# can you/how do you integrate e^2x^2?

• Feb 6th 2009, 03:30 PM
ryu991
can you/how do you integrate e^2x^2?
Title says it all, this isnt a question I've seen just something I'm curious about.

If you have e raised to the power of 2x, where the x is raised to the 2nd power can you integrate that? If so how?
• Feb 6th 2009, 04:25 PM
Abu-Khalil
You mean $\displaystyle \int e^{2x^2}dx$?
• Feb 6th 2009, 04:55 PM
WhoCares357
Quote:

Originally Posted by Abu-Khalil
You mean $\displaystyle \int e^{2x^2}dx$?

I'm curious myself (new to calculus).

Could you take the natural log of both sides to bring the $\displaystyle 2x^2$ down and then integrate?
• Feb 6th 2009, 05:07 PM
Chris L T521
Quote:

Originally Posted by ryu991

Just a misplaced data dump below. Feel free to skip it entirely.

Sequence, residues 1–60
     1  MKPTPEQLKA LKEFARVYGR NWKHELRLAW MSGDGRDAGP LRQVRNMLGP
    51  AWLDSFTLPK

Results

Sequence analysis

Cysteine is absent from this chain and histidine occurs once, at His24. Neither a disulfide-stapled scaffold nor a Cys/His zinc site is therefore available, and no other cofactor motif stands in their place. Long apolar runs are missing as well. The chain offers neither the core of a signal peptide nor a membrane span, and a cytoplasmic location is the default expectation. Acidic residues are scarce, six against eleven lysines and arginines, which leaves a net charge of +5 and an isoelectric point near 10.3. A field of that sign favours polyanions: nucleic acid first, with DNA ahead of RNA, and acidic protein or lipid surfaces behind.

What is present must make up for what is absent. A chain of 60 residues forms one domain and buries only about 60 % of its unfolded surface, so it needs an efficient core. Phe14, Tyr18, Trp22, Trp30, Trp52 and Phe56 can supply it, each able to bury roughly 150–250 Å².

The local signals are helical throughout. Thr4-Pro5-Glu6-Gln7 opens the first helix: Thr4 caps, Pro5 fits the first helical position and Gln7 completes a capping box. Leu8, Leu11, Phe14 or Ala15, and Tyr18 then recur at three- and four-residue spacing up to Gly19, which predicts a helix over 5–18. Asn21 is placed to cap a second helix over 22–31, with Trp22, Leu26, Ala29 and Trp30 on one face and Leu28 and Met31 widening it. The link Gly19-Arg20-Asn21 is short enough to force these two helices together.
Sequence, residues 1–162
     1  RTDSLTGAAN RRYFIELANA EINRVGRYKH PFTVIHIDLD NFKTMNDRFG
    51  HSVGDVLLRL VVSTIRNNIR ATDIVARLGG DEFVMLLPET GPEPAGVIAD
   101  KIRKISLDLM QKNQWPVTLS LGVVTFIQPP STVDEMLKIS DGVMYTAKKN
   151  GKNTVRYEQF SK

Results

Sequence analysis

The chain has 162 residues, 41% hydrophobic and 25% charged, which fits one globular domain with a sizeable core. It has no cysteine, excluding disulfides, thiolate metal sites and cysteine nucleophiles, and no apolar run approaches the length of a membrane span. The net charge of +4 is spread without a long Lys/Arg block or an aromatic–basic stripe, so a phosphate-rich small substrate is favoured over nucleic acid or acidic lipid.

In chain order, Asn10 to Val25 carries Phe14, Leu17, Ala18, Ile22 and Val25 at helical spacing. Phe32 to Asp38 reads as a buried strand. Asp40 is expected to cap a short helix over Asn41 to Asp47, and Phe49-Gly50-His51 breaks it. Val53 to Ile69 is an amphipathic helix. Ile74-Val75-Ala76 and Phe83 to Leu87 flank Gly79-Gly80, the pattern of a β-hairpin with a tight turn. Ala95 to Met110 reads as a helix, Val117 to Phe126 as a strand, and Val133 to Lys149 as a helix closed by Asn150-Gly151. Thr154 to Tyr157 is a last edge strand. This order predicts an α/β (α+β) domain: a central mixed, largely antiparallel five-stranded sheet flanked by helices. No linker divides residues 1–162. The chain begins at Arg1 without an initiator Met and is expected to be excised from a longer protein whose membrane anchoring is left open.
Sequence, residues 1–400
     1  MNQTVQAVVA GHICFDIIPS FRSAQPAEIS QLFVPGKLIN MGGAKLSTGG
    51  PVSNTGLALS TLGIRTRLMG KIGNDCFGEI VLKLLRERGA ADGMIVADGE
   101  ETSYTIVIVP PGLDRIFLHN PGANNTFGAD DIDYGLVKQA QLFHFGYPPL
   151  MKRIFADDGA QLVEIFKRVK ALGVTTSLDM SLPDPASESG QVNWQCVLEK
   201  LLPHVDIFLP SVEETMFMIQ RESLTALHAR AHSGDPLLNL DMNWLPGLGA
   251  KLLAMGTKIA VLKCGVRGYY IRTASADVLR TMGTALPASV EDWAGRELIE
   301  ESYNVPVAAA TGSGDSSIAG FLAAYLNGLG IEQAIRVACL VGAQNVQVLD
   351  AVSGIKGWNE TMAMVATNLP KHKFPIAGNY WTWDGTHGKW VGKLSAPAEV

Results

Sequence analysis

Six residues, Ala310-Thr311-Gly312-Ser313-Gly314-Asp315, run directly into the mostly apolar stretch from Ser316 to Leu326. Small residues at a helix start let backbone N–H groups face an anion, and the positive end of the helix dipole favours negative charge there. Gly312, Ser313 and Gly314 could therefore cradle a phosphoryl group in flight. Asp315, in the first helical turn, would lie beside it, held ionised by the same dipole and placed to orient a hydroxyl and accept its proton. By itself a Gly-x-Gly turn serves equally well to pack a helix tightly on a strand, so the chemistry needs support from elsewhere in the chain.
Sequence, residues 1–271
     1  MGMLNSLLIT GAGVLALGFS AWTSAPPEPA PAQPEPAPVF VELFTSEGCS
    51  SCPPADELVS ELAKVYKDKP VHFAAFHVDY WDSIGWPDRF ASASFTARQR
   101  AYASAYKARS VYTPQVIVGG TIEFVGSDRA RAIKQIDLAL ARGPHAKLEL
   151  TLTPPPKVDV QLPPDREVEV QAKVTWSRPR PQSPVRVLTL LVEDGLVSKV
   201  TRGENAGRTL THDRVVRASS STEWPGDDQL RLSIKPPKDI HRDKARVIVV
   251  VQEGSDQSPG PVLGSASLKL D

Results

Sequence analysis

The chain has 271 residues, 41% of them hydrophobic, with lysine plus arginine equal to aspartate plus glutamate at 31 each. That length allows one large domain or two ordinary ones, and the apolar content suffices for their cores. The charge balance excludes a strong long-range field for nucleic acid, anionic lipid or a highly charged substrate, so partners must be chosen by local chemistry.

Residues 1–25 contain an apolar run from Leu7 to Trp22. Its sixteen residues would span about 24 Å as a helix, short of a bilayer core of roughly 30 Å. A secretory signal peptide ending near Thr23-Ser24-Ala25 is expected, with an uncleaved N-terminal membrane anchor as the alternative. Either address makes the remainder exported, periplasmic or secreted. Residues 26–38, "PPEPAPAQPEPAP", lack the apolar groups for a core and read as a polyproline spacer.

Title says it all, this isnt a question I've seen just something I'm curious about.

If you have e raised to the power of 2x, where the x is raised to the 2nd power can you integrate that? If so how?

It can't be done in terms of elementary functions.

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As an aside: If you were to find $\displaystyle \int_{-\infty}^{\infty}e^{-2x^2}\,dx$ or $\displaystyle \int_0^{\infty}e^{-2x^2}\,dx$ or $\displaystyle \int_{-\infty}^{0}e^{-2x^2}\,dx$, then it can be done, but by a conversion to a double polar integral. This way, it can be shown that $\displaystyle \int_0^{\infty}e^{-2x^2}\,dx=\frac{1}{2}\sqrt{\frac{\pi}{2}}$